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Are the signs of a heart attack the same for everyone?

The signs of a heart attack are not the same for everyone. The signs of a heart attack may largely differ between men and women, elderly and young, people who have diabetes and people who don’t have diabetes. If a person has had a previous heart attack the signs of a new one will tend to be very similar.

The signs and symptoms of heart attack are not the same for everyone. People present with different symptoms frequently. Not everyone has the “textbook” heart attack.

Deb Cordes
Deb Cordes on behalf of Sigma Nursing
Physical Medicine & Rehabilitation Specialist

Signs of a heart attack may vary from person to person. Most often the following are signs that someone may be having a heart attack and need to seek immediate medical attention. Chest discomfort of any kind lasting more then 5 minutes, nausea, vomiting, shortness of breath, pain in arms, jaws or back, a feeling of lightheadedness, sweating. Women often have shortness of breath, jaw/arm/back pain and nausea/vomiting. Whether your a man or woman experiencing these signs you should seek immediate medical attention by calling 911 or your local emergency response system.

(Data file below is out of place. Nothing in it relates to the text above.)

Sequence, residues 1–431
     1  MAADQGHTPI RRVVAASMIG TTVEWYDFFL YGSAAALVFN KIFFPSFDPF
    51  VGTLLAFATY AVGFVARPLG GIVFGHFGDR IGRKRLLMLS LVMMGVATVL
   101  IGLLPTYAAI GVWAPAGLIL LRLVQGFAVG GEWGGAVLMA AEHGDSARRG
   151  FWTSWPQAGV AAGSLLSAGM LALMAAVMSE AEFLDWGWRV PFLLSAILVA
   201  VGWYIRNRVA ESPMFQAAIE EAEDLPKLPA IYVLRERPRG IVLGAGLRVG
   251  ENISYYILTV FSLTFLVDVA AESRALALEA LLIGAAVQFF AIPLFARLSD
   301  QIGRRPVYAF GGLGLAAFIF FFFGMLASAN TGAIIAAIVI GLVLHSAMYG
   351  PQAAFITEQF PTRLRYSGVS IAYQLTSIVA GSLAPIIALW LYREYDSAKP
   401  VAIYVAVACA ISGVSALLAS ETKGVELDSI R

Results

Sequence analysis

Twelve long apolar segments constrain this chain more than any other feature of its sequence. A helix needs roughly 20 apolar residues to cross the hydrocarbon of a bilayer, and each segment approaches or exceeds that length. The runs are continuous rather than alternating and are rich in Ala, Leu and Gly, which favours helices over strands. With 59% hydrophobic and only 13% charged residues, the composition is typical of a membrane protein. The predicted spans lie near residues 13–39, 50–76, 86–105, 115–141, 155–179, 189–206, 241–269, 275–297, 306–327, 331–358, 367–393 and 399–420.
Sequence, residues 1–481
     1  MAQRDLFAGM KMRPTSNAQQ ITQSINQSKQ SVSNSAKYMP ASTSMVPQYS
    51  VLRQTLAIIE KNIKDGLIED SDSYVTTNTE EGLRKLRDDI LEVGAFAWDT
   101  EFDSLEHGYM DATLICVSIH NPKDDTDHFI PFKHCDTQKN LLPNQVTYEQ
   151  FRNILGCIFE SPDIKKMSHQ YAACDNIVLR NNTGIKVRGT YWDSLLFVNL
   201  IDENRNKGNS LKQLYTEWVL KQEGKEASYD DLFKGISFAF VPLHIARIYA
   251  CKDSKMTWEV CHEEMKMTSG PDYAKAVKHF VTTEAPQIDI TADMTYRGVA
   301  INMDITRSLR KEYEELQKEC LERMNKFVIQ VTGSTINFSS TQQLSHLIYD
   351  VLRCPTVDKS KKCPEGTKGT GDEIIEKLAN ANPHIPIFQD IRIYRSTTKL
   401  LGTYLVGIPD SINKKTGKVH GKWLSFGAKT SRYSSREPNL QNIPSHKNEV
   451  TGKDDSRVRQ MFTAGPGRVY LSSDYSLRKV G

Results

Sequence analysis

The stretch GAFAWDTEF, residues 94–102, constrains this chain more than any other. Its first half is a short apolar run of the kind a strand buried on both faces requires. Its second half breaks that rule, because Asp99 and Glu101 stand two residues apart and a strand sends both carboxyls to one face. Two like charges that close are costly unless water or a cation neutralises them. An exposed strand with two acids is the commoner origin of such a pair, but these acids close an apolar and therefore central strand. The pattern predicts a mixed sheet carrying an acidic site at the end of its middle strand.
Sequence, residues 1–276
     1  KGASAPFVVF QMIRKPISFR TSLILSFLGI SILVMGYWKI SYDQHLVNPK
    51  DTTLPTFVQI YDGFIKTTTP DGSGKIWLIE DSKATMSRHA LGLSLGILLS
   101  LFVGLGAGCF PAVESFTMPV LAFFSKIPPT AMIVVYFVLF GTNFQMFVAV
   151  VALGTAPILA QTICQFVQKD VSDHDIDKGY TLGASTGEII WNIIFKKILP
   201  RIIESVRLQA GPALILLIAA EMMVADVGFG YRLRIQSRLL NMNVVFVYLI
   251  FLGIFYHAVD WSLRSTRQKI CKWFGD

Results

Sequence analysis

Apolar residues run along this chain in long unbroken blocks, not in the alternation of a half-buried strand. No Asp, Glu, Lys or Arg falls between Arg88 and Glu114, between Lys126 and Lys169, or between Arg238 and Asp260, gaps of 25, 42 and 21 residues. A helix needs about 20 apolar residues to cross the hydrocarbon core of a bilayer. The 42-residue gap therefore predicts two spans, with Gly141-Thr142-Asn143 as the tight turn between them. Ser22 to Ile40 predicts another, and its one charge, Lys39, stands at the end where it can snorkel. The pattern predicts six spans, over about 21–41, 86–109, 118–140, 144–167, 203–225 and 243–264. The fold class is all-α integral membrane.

Even people who have had a heart attack may not recognize the signals, because each heart attack may be different. Some individuals may show no signals at all.

General base signs and symptoms of a heart attack—chest pain, shortness of breath and cold, clammy sweatiness—are quite common in most people. However, each individual’s interpretation of pain differs greatly. Women are more likely to have atypical symptoms overall, and tend to present with band-like pressure under both breasts. Further, their chest pain can be right-sided as well as left-sided. Women also tend to experience more nausea or vomiting, which is often thought to be more gastrointestinal in nature, leading them to not seek the acute care they need.

The signs of a heart attack vary from person to person. Some people can have mild pain in the chest, while others have severe pain. Many people find shortness of breath, especially with activity, to be the predominant symptom. I have even seen patients whose primary symptoms were simply some arm pain or dizziness.

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Important: This content reflects information from various individuals and organizations and may offer alternative or opposing points of view. It should not be used for medical advice, diagnosis or treatment. As always, you should consult with your healthcare provider about your specific health needs.